Thought: ‘Who cares?’

Addictions UK uses Twitter to share inspirational Thoughts every day. This article is based on one of them. Follow us at @addictionsuk.

illustrationWho cares? Well, actually, we do. Addictions UK exists to care about and help people who are trying to deal with drug addiction, alcohol addiction or any other substance or process which is taking over their lives and making them unmanageable. We care too about the families and friends of addicts and have support to offer them.

But we are surely not alone. Whoever you are and whatever your problems, there are almost always people who care about you. Maybe you owe it to them as well as to yourself to recognise their concern and to respond it.

When you are “down”, whether from the effects of addiction or for any other reason, it’s easy for self-pity to take over and part of that can be the conviction that nobody cares about you. Those feelings are understandable but not acceptable. Whatever you may think, you do matter to people and you need to be open to the help they are ready to offer you.

For a very few, however, isolation is very real and undeniable. But as part of a programme of supported recovery there are new friends and guides ready to accept you and help you. They even understand that it may be hard for you to reach out and accept their help.

So don’t be too dismissive and shrug your shoulders and say “who cares?” and slink away. We care, others care and, if you are willing, we can help you gain confidence and focus more on others so that you care about them.

Please contact us now if you need help with recovery from any addiction and especially if you are seeking home-based treatment.

There is no doubt that drink and damage go hand in hand.

In an interview for Radio Tees, Simon Stephen, director of casework for Addictions UK, asked, “Would we inhale all the toxic fumes from a car exhaust and not expect to be damaged?” He then went on to say that we run similar risks from heavy drinking. The interviewer’s response was to say, “buts it’s not as dangerous as that”. Well it might have been a bit of an exaggeration but there is no doubt that alcohol and brain damage go hand in hand.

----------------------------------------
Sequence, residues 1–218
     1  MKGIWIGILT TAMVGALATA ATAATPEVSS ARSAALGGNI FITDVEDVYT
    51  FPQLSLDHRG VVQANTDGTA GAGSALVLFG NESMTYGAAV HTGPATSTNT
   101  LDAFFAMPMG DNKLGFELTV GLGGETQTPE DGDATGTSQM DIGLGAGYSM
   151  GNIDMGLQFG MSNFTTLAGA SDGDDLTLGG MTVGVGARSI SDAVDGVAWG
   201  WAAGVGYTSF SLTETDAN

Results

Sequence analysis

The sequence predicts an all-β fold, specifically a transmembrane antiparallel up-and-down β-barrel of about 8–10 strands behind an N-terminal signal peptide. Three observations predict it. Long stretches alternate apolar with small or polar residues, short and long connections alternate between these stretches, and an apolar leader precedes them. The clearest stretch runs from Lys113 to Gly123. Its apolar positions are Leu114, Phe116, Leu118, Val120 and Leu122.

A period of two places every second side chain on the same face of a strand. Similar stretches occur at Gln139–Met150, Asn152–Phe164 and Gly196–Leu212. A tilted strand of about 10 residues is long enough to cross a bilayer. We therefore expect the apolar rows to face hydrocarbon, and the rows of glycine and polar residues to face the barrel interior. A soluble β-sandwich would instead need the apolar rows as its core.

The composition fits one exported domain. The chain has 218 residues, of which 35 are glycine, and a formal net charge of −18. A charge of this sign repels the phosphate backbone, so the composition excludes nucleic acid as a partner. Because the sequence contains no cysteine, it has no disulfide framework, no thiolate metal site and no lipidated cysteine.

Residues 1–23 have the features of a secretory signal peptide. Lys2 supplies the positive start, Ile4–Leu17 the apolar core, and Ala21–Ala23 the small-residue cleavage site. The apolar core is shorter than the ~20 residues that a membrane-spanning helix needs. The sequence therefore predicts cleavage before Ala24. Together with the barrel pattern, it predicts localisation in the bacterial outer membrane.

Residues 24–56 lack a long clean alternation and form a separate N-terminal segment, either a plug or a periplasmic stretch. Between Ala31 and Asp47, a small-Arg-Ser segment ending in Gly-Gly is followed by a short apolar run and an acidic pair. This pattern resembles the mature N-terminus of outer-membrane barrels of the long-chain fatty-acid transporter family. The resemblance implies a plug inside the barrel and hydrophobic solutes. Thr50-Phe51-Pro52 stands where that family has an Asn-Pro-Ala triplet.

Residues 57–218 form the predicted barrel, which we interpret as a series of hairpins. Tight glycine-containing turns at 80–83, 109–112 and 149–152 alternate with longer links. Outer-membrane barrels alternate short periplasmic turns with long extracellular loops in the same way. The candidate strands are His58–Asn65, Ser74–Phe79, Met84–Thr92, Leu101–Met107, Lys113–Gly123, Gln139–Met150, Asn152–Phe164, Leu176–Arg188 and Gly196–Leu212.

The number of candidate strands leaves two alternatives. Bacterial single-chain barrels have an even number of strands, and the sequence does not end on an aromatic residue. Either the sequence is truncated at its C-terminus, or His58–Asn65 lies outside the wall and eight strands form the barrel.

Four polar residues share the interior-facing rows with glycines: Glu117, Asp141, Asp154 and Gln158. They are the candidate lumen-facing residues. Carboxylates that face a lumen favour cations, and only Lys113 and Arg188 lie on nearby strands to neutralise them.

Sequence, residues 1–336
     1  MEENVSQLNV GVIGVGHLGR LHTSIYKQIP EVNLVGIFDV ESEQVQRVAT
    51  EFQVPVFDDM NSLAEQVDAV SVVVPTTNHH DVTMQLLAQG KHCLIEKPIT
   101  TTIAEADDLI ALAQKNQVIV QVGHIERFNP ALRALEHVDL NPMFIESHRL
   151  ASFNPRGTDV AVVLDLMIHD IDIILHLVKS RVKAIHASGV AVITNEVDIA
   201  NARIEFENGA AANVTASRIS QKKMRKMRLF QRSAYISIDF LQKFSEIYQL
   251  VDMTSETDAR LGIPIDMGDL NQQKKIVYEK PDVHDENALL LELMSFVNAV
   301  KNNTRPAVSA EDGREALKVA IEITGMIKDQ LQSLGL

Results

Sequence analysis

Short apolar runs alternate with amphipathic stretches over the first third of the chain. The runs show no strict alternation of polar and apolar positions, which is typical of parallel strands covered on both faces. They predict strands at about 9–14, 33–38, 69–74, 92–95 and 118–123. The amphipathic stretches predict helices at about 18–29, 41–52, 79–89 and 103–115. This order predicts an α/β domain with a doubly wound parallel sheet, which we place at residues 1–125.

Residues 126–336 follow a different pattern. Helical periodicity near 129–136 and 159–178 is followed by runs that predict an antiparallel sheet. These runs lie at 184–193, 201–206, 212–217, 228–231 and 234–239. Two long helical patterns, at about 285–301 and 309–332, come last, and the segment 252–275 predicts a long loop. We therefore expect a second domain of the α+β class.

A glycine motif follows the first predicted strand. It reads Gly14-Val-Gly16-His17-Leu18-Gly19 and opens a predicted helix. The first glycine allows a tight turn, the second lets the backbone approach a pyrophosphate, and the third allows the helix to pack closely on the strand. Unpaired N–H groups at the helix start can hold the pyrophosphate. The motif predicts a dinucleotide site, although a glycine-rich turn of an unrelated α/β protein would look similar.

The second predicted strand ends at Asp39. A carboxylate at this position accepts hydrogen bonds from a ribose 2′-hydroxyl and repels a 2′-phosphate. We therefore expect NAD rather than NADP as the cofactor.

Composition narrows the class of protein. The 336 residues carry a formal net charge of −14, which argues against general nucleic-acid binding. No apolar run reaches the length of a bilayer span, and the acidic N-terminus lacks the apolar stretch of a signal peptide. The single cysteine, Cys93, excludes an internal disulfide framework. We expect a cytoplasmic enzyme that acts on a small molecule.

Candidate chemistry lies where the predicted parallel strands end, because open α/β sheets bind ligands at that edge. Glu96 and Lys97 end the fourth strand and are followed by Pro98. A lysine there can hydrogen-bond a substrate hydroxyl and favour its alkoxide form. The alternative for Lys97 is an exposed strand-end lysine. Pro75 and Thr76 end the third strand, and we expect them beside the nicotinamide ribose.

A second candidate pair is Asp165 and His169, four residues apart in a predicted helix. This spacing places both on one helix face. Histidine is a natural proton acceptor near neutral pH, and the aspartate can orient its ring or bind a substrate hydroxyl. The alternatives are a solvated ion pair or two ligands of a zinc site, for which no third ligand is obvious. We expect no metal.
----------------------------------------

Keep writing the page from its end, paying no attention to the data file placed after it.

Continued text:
Trouble walking, impaired memory, distorted vision, incoherent speech, slowed reaction times; whatever others say, alcohol affects the brain. Some of this damage is detectable after only one or two drinks and quickly resolves when drinking stops. On the other hand, a person who drinks heavily over a long period of time may have brain damage that lasts well after he or she is dry. Exactly how alcohol affects the brain and the possibility of reversing the impact on the brain of heavy drinking remain hot topics in alcohol research today.

It is known that heavy drinking does have extensive and far-reaching effects: re-routing neural pathways, with consequences ranging from lapses in memory to permanent and debilitating conditions that require lifetime care. And even moderate drinking leads to short-term impairment, as shown by extensive research on the impact of drinking on driving.

A number of factors influence how and to what extent alcohol affects the brain, including

  • how much and how often a person drinks;
  • the age at which he or she first began drinking, and for how long;
  • the person’s age, level of education, gender, genetic background, and family history of alcoholism;
  • whether he or she is at risk as a result of pre-natal alcohol exposure; and
  • his or her general health status.

Consider two common disorders associated with alcohol-related brain damage and the people at greatest risk for impairment.


Alcohol can produce detectable impairments in memory after only a few drinks and, as the amount of alcohol increases, so does the degree of impairment. Large quantities of alcohol, especially when consumed quickly and on an empty stomach, can produce a blackout, or time intervals for which the people cannot recall key details or even the entirety of events. Prisons are full of convicted people who have no real recollection of what led them to be incarcerated.